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RACE TO WITCH MOUNTAIN

Creating A Sci-Fi Look
"The underground lab was supposed to be an experimental world the kids' parents created to study the secrets of life on Earth,” Bomba says. "They wanted to discover what was needed to re-grow plant life since their own planet was barren. When one hears the word ‘laboratory,' one thinks of Bunsen burners and beakers. I wanted it to be much more organic. Since these are aliens and using alien methods, I created these huge pulsating pods to serve as their Petri dishes. The idea was that they were using four elements—water, air, earth and fire—to recreate the basics of new life. These are all contained in a balloon-type mechanism that resembles a breathing, glowing plant pod.”

A more familiar, yet no less bizarre, set presented a huge design challenge for the film's technicians: the colorful and vibrant UFO convention, set in Las Vegas but actually filmed in Pomona, California. In his quest for authenticity, director (and UFO enthusiast) Fickman populated the booths with real UFO celebrities as well as many business people who actually sell their wares at conventions worldwide.

"We did a lot of research on past UFO conventions,” Fickman says. "They are truly fantastic and so visual, one part ComicCon, one part science fair, one part space camp. I thought it would be entertaining to have, among all these people dressed as extraterrestrials, two little blond kids who are really aliens walking among them unnoticed.”

The production design team, including art director John R. Jensen, set decorator Patrick Cassidy as well as costume designer Genevieve Tyrrell, used inspiration from real UFO conventions and added otherworldly touches of their own. With so many people dressed as lobster men, E.T.s and storm troopers, who would notice a Siphon in their midst? "We made sure there were so many things to see and so many people milling about in strange costumes that the actors would be able to blend in,” Bomba says.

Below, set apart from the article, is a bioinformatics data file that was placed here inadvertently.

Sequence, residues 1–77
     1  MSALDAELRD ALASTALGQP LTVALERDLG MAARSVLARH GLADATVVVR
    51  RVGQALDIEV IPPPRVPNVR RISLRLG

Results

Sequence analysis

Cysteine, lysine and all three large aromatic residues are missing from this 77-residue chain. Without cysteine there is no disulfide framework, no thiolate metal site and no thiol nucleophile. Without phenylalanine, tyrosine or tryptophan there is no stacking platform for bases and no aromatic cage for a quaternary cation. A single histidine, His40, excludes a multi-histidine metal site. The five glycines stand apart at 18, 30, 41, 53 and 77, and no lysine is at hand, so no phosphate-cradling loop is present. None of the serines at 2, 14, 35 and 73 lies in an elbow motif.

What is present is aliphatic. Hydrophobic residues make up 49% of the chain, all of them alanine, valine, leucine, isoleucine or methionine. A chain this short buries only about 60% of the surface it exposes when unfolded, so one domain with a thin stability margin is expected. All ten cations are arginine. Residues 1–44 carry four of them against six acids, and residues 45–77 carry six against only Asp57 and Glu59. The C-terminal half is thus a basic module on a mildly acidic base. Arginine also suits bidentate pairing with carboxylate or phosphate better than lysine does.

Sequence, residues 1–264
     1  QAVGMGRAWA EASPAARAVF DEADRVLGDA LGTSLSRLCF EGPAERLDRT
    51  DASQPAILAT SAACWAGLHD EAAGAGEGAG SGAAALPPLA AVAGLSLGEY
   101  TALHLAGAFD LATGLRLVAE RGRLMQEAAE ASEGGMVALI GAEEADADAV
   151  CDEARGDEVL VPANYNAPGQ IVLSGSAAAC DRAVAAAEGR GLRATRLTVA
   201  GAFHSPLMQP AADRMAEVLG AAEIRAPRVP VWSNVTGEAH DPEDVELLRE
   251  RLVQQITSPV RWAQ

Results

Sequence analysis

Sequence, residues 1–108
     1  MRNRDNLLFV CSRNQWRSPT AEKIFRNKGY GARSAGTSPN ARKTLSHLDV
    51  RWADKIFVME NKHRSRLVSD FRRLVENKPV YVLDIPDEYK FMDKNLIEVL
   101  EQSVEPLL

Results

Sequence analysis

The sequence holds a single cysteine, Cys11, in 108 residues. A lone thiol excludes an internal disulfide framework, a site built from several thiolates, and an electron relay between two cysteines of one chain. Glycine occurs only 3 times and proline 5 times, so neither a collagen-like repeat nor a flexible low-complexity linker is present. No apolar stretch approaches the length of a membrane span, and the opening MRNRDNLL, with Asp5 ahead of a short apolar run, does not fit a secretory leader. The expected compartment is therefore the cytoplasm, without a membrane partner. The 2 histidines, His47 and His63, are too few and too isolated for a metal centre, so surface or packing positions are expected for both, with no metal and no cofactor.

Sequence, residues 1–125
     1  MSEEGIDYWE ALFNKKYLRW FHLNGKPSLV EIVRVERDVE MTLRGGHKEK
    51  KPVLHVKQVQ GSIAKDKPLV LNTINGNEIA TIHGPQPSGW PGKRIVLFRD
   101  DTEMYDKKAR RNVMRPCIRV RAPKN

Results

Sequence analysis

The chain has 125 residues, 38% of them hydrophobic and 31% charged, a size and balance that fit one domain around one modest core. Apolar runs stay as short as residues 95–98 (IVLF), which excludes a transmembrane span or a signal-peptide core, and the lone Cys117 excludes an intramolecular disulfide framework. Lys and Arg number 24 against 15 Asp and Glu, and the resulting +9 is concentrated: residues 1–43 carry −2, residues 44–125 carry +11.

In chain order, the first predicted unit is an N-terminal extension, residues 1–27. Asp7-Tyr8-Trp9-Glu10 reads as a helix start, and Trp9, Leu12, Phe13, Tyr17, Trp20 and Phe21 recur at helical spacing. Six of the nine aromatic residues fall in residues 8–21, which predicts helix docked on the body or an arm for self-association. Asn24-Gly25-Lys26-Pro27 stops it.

Fickman also invited some of the elite members of the real-life UFO hierarchy to attend, including Bill Birnes (publisher of UFO Magazine and host of the popular television series "UFO Hunters”) and his wife, Nancy; Dr. Roger Leir (alien implant specialist and lecturer); Giorgio Tsoukalos (editor of Legendary Times Magazine and a paleo-SETI researcher); and Whitley Strieber (author of "Communion,” "Wolfen” and "The Hunger,” as well as one of the most famous alleged alien abductees).

"Andy convinced my wife, Anne, and me to participate in his film while we all met for lunch,” Strieber says. "As it turned out, Andy knew a lot about UFOs and thought it would be funny if Anne and I were manning a booth at the film's UFO convention. We really enjoyed ourselves.”

Through a special association with Planet Hollywood Resort & Casino, the movie company set up shop among real-life gamblers and merrymakers for two weeks on the Las Vegas Strip. The film's design team embellished the interior of the casino with set pieces and video screens, but the majority of what is on screen is pure Vegas. Other familiar Las Vegas haunts were used, such as downtown Las Vegas and the neon cascade known as the Las Vegas Strip (on which Johnson and Gugino filmed late night cab rides).

Back in Saugus, California, production designer Bomba created the majority of the Witch Mountain secret underground government facility, a lair that would eventually house not only the alien teenagers, but their captured spaceship as well.

"We did a ton of research on what Witch Mountain should look like,” Fickman says. "We had the opportunity to actually visit the Cheyenne Mountain NORAD facility, which is one of our country's most guarded locations. We also designed our facility to have the mystery and aura of Area 51, the Nevada base that is the source of so much UFO lor

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